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Discussion Starter · #1 ·
I have just sold my new '05 S-works stumpy (sold my 04 expert SJ last week)...now I have the $$ for a 6" bike. I hated to get rid of her, but my riding style really isn't a match for the SJ. I thought she would be the one w/ 5" of travel, but the SJ is still meant to stay on terra firma for the most part(unless you weigh about a buck and a half).
I will miss her tho...

Jdub
 

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Discussion Starter · #3 ·
Hey Damion,

I'm not sure whats next. I'm gonna test ride the enduro. I really like the new Nomad-I took it for a ride last week. Man, that thing is nice. Pedals great uphill too. For a 6+ bike, it doesn't weigh too much either.
I'm also looking hard @ the Turner 6-pack. The only thing is I cannot find one anywhere to take a test ride on. No one keeps them built up, unless I do the rental thing from Competitive cycle, and that is $200. They are abit heavier too.
I haven't heard much positive stuff about the new enduro, but I know that is just subjective opinions-I may love it. But Specialized is really pricing themselves into a market that they really don't have any business being in. If their frames were hand made in the States by some dude making $70 per hour, I could live w/ that...but they weld em all in Taiwan, where that same $70 probably pays an entire day of a welders wages.
Furthermore, the DHX air shock Spesh is using on all but the top enduro are stripped down versions missing many of the features. But their bike is comprably priced w/ a similarly equipped Turner or SC.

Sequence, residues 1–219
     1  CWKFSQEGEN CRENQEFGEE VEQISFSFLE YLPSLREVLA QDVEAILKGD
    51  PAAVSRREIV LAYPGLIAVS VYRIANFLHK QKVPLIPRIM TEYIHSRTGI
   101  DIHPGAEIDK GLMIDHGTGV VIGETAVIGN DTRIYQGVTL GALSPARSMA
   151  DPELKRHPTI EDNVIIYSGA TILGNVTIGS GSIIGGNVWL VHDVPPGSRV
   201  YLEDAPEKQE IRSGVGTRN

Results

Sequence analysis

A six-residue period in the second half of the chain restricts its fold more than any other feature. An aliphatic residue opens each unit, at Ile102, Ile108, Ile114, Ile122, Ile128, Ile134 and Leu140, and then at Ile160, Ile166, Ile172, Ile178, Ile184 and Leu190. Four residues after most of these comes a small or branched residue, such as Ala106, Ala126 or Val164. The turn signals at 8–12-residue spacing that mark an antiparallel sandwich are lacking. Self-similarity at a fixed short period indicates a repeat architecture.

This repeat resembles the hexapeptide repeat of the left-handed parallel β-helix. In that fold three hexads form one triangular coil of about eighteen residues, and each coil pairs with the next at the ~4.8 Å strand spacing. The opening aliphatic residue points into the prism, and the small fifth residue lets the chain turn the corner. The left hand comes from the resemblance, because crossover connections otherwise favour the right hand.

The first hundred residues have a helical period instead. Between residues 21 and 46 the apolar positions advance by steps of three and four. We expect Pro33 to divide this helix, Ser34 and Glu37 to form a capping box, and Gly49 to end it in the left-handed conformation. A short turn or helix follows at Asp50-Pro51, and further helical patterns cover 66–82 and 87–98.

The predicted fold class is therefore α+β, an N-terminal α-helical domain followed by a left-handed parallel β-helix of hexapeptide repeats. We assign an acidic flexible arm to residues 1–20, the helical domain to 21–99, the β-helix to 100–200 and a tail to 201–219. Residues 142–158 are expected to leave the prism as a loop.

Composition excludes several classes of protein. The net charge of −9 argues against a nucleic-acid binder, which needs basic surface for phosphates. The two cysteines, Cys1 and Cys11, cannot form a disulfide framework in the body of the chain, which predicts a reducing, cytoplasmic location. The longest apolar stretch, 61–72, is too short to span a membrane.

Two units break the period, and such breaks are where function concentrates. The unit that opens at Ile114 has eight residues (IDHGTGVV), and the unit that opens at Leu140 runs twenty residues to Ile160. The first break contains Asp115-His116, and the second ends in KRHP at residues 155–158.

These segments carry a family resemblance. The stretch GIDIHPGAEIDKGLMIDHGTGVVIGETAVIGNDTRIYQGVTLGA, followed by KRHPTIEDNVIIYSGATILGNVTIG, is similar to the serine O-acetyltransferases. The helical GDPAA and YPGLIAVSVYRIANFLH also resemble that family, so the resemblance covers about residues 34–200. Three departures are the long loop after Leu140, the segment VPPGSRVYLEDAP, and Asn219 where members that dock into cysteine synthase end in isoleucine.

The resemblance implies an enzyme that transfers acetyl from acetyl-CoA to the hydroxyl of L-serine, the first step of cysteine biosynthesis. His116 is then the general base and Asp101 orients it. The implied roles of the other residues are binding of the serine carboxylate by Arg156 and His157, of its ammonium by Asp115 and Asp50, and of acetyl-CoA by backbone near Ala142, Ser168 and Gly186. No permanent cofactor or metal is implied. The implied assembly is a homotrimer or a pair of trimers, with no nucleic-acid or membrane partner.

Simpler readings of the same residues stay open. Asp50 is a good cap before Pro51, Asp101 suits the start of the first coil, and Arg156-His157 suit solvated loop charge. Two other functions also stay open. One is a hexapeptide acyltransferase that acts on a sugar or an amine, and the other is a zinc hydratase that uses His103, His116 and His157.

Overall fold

Thats where I am w/ spesh at this point...
I'll post my new ride whatever it may be.

Jdub
 

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Biker75 said:
If their frames were hand made in the States by some dude making $70 per hour, I could live w/ that...but they weld em all in Taiwan, where that same $70 probably pays an entire day of a welders wages.
I'd rather buy a taiwan-made frame than a US-made frame. Everyone knows that products made in taiwan are generally better quality than products made in US, for example cars...
 

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plussa said:
I'd rather buy a taiwan-made frame than a US-made frame. Everyone knows that products made in taiwan are generally better quality than products made in US, for example cars...
I think you mean Japanese cars. All cars produced in China (assuming the same for Taiwan) suck. Whatever, it's all rice.

Everybody outsources to overseas now. I don't really see any advantage of buying boutique. But for Specialized prices, you can almost build up a boutique frame.
 

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XSL_WiLL said:
I think you mean Japanese cars. All cars produced in China (assuming the same for Taiwan) suck. Whatever, it's all rice.

Everybody outsources to overseas now. I don't really see any advantage of buying boutique. But for Specialized prices, you can almost build up a boutique frame.
The newer Hyundais are doing better now, (2005 and up) with great quality, but Kia and Daewoos and older Hyundais suck ass big time.
 

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Discussion Starter · #7 ·
My point originally being...

...not about the quality of the Taiwainese frames (my 2 spesh's are pretty darn well made) but rather the obvious exploitation of the american bike consumer by spesh.

They put same (or stripped down) versions of components on a $3800 bike with a frame cost to them of probably 1/3 or 1/4 (maybe less, anyone industry insiders lurking here?). The fact that I am looking at a complete Nomad or 6-pack for the same dough just aint right IMO.

So, to me, the botique bike is by far a better value. Also, an American (probably an Oregonian) welding my frame compared to a displaced TW tech worker.

Value being highly subjective of course, but I hope my point is clarified.

The economist in me knows exactly what spesh is doing, and some would say any company would do the same-capitalize on the willingness of the consumer to spend serious $$ on his hobby.